Accepting the David Barr Award at the AME Roundup 2018 awards gala in January, project leadership coach Janice Fingler said, “Small gestures from leaders are like ripples that quickly become waves that influence the actions of others.”
Her words were directed toward Diane Nicolson as retiring AME board chair, but Fingler’s own approach of taking every opportunity to talk about exploration safety leadership has also initiated waves of change during her five years as chair of the AME Environment, Health and Safety (EHS) Committee.
“I came to AME early in the last downturn,” says Fingler. “I had grown frustrated with the boom-bust cycles. In booms there was more money, yet it wasn’t always used to upgrade our operating systems or to improve EHS practices.
“In the bust times, I noticed the untapped potential in our people,” says Fingler. “Project workers shared their knowledge, experience and ingenuity to move projects forward. If we listened more to those voices, we’d discover both challenges and opportunities that could support explorers in bringing resources responsibly to our world.
“The AME EHS committee felt like the right place to start, to listen to those voices, and to better meet the needs of our members.”
Born to mine
As a child growing up in Winnipeg, Fingler collected rocks and horrified her parents by digging tunnels. In retrospect, she says, she was born to be part of the mining industry. Her grandfather, who worked in the steelworks, took nine-year-old Fingler to see molten metal in a blast furnace. Steelmaking became her first science project. By the time she was 10, she had unknowingly embraced all the facets of the mining industry, from exploration to refining.
While studying education at university, she found herself in what she calls a “rocks and stars for jocks” course. The passion of the professors “blew her away” and she was inspired by how geology linked together so many aspects of science. Her first job out of ![COURTESY JANICE FINGLER]() university was managing a small field team at a camp accessible only by float plane. What followed was a “boots on the ground” career, travelling to projects across Canada and South America, working in fast-paced joint ventures that met different ends.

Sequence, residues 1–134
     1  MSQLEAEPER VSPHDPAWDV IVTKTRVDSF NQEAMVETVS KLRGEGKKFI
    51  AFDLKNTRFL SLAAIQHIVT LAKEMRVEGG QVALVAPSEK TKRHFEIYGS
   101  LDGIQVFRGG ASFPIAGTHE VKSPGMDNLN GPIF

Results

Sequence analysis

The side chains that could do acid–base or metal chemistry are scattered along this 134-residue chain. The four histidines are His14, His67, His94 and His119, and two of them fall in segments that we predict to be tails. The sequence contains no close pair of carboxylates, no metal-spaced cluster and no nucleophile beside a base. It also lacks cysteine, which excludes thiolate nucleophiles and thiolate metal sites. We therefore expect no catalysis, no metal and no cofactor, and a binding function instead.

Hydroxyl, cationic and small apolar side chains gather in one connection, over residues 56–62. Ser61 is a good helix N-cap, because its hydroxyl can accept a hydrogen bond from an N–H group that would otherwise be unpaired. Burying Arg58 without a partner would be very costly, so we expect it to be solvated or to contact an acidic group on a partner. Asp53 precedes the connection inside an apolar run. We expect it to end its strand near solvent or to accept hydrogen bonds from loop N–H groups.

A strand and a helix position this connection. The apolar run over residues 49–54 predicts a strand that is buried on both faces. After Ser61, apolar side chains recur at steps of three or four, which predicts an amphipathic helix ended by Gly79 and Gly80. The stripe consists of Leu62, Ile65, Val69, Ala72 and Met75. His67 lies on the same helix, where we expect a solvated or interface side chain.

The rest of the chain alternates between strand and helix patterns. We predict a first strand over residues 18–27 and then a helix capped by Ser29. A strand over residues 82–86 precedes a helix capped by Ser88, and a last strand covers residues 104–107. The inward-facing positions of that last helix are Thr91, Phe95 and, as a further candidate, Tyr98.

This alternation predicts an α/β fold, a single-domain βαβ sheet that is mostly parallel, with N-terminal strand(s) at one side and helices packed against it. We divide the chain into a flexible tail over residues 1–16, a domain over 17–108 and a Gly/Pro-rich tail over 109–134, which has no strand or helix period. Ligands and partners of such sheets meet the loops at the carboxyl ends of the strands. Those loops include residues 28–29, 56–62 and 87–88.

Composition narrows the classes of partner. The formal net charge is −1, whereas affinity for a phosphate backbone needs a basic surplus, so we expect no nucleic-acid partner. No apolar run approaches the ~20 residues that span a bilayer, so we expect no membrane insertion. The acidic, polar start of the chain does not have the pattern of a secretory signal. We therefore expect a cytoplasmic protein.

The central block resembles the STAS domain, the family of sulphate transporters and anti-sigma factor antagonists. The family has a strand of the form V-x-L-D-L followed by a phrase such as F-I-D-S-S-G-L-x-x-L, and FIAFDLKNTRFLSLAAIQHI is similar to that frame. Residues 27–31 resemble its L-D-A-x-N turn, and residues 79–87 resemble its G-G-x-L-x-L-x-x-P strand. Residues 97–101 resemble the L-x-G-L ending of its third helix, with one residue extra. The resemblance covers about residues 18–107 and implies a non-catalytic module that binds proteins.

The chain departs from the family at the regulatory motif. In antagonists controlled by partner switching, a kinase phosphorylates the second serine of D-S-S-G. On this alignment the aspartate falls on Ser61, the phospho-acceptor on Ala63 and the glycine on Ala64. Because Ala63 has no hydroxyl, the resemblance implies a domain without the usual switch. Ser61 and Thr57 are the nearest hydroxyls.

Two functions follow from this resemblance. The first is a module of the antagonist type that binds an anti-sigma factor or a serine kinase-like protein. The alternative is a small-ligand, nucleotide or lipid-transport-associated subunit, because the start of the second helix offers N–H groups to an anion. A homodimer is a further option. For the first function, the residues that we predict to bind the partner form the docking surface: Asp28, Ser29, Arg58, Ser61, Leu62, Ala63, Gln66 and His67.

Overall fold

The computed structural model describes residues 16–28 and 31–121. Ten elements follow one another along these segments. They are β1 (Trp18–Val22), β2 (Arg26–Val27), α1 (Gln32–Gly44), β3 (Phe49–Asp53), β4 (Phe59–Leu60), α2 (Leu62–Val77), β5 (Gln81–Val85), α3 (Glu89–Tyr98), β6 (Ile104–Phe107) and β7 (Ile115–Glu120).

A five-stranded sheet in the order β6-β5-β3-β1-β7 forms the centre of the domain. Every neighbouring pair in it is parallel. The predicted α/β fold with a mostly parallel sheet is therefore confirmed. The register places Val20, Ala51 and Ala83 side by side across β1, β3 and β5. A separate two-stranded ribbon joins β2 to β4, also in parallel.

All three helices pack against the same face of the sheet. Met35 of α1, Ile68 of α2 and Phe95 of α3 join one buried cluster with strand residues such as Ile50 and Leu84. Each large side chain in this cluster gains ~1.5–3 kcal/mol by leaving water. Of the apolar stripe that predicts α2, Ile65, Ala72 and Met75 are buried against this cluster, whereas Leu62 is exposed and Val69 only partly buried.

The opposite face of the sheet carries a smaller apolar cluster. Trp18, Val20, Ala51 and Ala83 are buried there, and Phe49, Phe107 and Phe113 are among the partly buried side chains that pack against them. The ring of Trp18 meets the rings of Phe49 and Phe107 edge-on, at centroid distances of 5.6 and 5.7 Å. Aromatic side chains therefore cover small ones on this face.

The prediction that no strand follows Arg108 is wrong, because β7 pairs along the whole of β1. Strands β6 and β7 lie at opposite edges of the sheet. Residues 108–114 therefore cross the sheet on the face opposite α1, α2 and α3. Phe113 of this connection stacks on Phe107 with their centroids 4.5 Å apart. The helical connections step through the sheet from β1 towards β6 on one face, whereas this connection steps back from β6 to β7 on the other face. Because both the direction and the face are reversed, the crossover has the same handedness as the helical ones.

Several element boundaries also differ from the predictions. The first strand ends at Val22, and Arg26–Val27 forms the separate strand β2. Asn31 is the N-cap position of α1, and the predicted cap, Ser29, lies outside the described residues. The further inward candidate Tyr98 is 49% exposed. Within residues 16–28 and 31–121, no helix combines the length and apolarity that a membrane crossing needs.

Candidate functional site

“I’ve been a part of projects that found mineralization and ended up as mine plans, but an equal number have been killed off,” says Fingler. Although she found the geology fascinating, it is the people she worked with who influenced her most.
Accidental EHS chair
Fingler joined the EHS Committee in 2013 and “accidently” became chair shortly after. It was never her intention to be chair when she joined the committee, but her natural tendency to analyze the processes and details, and bring people and ideas together, landed her at the head of the table. During her time as chair, the committee recorded new EHS data through the annual survey and encouraged more conversations about safety culture and leadership through workshops, invited speakers and discussions with regulators.
“I’m proud of how the committee worked to meet explorers’ needs. One result of that is the digital training helicopter slinging resource we delivered,” says Fingler. “It provides vital training that was only available through specialists, incorporates different learning styles and encourages conversations. It’s a valuable resource accessible to our industry and beyond.”
Fingler announced her resignation from the EHS committee in January 2018 but will “continue to support leaders in making integrated decisions so that environment, health and safety are not off the side of the desk.” She provides decision support to project leaders through coaching, online training and narrative scans, to encourage better conversations about risk and uncertainty.
“You can’t really build a culture. It really lies in the stories we tell each other, our attitudes, beliefs and experiences,” says Fingler. “And that takes listening and understanding.”